Member Spotlight: Allen Mallory

Assistant Professor, Department of Human Sciences, The Ohio State University 

Why did you decide to choose Developmental Science as a course of study or career? 

Developmental science was a good fit for my research interests, and the focus on the importance of social context and development were essential lenses that I wanted for my research training. 

Is there a mentor or mentors who have been instrumental to your career and, if so, who and how? 

I've been fortunate to have great mentors throughout my graduate and postdoctoral training. During my masters program, Sandra Stith exposed me to doing rigorous grant-funded team-based research which provided a solid foundation for going into my Ph.D. During my Ph.D. Dr. Stephen Russell was instrumental in learning to do good and socially aware research about sexual and gender diverse populations. My postdoc mentor Natasha Slesnick, was incredibly supportive of me pursuing my own line of research and teaching me about intervention research. 

What advice would you give to a Graduate student beginning their Ph.D. studies in Developmental Science or related? 

I would give three pieces of advice. First, take time to settle in and get to know your community outside of grad school. You will be in living where you go to school for many years and those connections outside of grad school are important support networks. Second, make lots of connections within the academic world (i.e., other grad students, staff, post docs, and faculty) whether it's in your specific program, the school at large, or at conferences. Some of the connections will turn into friendship and collaborators throughout your time and academia. Third, learn as much as you can. As hard and stressful as grad school can be, it's also a pretty unique opportunity to get to spend your time focused on learning, and you get less and less time to purely do this the further along you get in grad school and your academic career.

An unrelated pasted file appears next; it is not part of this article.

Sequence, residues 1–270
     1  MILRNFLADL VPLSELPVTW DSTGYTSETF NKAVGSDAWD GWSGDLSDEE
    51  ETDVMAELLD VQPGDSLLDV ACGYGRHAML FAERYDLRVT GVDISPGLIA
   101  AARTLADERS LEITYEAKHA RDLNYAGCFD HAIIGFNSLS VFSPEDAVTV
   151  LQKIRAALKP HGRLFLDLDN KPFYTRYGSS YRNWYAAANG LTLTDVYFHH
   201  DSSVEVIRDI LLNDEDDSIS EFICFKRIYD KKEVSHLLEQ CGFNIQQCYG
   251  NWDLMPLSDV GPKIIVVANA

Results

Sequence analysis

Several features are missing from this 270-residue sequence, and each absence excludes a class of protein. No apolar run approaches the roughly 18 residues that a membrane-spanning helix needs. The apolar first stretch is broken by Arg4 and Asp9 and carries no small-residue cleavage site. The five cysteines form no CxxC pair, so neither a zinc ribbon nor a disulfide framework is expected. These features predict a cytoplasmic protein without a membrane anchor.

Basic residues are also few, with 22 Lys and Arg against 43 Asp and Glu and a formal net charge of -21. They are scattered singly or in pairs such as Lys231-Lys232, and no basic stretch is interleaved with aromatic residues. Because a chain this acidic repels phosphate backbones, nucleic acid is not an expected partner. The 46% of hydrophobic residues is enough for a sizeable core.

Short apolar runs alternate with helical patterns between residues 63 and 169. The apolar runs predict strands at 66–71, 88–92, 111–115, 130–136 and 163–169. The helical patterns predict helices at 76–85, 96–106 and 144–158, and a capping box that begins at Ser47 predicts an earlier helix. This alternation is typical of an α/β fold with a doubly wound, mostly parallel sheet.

What publication or book would you say is a must read in the field (and why)? 

My recommendations would be to read Psychology of Sexual Orientation and Gender Diversity and LGBT Health. Much of the cutting edge research on sexual and gender diverse people tends to get published in these journals. 

Why did you join the SOGIE Caucus and how does it facilitate connection among members all year long? 

I joined the SOGIE Caucus because it was a space to connect SOGIE scholars. The listserv has been a great way to share information and resources. Early on, there were meetings that brought together SOGIE scholars to talk about research, grant funding, advocacy, and getting to know one another. 


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